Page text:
• Jackie Mitchell

'Prep Talk' #1 - 4 Strategies to Prepare for Your Performance Review

Performance Reviews typically occurs on a regular schedule so it's surprising to me that most employees are still caught off guard or believe that they do not need to do anything to PREPARE for this conversation.

Be prepared!

Here are 4 Strategies to make sure you’re

PREPARED for your Performance Review:

#1 Preparation begins the previous year

YES. Prepare the year before by aligning to the goals you set with your manager the previous year. Each year, work towards your goals. Check off tasks that go along with each goal that was set for your development. (Now that you know this, you will be preparing this year for next year's review.)

Schedule a meeting with your manager to discuss how you can take your career to the next level. This must be done anywhere from 3 to 6 months prior to our review. The earlier the better.

Now, here's the money talk. We’re planting the seed right here below:

#2 Set Expectations

Discuss the expectation that compensation will be tied to you exceeding your defined goals. This makes sure that your manager knows that you will be discussing compensation in your next meeting -- in about 3 months (quarterly is my recommendation).

#3 What have you done for them lately?

Remember, this isn't all about you. Well... it is and it isn't. Remember, we create Win-Win solutions, right? So...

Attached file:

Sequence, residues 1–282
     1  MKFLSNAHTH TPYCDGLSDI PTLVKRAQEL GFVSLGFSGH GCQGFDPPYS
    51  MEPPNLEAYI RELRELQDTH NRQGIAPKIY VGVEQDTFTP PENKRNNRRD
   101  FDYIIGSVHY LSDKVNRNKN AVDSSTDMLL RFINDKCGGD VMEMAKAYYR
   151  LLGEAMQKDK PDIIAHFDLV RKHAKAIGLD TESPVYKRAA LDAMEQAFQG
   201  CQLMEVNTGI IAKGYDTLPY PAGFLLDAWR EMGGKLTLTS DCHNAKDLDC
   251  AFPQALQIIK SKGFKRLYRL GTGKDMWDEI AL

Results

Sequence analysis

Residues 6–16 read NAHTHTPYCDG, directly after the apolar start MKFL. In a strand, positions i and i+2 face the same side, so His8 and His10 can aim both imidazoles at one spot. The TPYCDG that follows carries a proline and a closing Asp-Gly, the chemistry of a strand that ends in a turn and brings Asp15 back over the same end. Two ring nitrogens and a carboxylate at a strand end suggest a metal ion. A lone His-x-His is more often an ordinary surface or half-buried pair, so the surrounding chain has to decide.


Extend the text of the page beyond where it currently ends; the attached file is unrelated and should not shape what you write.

What significant accomplishments have you made? What contributions to your company's successes have you made? Better yet, how have you made your manager's life easier at work?

Keep a record of your wins, your successes, your responsibilities, and your impact. This way, you have metrics and proof to back up what you’ve done and the value you continuously add. Track your progress towards your goals.

Next, have the conversation with your manager about where you are with your goals and how you've constantly and consistently exceeded them.

If you haven’t shown significant results. Extra hours do not equate to added value. It may backfire on you and possibly reveal that you may have poor time management skills. If so, we should talk.

#4 Be prepared for ANYTHING

Have you thought of what you’d do if your review wasn’t favorable and didn’t go the way you anticipated? Are you ready to refute or rebut your unfavorable review if you get blindsided? Are you ready to re-negotiate your salary with counter offers? Have you assessed whether or not the company still meets your needs? Have you outgrown your role? Have you outgrown the company? Assess where you are and be prepared for just about anything.


NOW it’s time to discuss real compensation.

Take a deep breath.

You got this!

You’ve been putting in the work and having major 'badassery' success. You’ve been gauging your manager’s response to you along the way. This isn’t a surprise conversation.

BUT… be prepared for absolutely anything. You will win regardless of the outcome.

This money talk is now based on what you've done as a top performer and what you've done with more responsibilities. Now that your manager sees how badass you are, and how dependable and reliable you are in making their lives easier at work, they will not want to lose you.

Someone who's doing an extraordinary job like you, must be compensated appropriately.

I've only scratched the surface.

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Jackie Mitchell Career Consulting | Career Coaching and Life Coaching